This is a free lesson from our course in Algebra I In this lesson, you'll go through definitions of exponent, root and radical notations. Basically exponents are used when a certain number raises to a certain power. For example: 34, where 3 is the base and 4 is the exponent. You'll also see how roots and exponents are inverses of each other. Note: One thing to keep in mind -- by default, the radical sign means square root. An exponent is simply shorthand for multiplying that number of identical factors. So 43 is the same as (4)(4)(4), three identical factors of 4 and x3 is just three factors of x, (x)(x)(x).One warning: Remember the order of operations. Exponents are the first operation (in the absence of grouping symbols like parentheses), so the exponent applies only to what it�s directly attached to. 3x3 is 3(x)(x)(x), not (3x)(3x)(3x). If you wanted (3x)(3x)(3x), you�d need to use grouping: (3x)3.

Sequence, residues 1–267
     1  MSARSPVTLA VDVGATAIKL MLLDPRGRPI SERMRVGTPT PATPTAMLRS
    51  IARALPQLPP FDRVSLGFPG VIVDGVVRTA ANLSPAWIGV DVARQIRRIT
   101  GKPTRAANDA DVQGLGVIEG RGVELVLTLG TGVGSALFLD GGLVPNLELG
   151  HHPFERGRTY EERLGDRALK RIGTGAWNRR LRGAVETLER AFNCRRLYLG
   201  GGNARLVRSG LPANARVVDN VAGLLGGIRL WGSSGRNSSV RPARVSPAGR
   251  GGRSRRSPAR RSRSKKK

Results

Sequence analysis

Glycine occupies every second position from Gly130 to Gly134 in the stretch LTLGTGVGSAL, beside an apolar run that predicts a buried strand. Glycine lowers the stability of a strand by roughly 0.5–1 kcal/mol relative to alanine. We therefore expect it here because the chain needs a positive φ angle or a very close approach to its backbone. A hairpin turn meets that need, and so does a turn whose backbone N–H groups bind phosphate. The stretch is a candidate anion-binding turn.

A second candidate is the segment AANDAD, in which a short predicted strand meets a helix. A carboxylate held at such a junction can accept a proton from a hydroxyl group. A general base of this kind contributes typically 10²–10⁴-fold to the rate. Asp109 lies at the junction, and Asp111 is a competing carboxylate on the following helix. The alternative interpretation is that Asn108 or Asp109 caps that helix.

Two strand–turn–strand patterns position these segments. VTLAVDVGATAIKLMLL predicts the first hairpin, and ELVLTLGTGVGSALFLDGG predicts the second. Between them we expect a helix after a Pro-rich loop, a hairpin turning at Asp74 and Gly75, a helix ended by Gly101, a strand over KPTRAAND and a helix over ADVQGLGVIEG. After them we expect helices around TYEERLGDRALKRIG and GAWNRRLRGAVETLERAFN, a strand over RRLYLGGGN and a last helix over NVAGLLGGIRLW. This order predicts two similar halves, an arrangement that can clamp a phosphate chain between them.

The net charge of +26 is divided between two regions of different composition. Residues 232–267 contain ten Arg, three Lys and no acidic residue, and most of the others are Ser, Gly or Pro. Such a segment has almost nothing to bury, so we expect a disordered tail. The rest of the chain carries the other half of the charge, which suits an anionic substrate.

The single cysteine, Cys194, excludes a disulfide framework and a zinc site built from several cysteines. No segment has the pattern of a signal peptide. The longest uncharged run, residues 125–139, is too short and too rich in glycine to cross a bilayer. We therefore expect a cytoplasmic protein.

Other useful lessons:
 Multiplying and dividing two numbers with same base and different exponents Multiplying and dividing different bases with the same exponent Calculating and working with zero exponents Calculating and working with negative exponents Calculate the root Convert between radicals and fractional exponents
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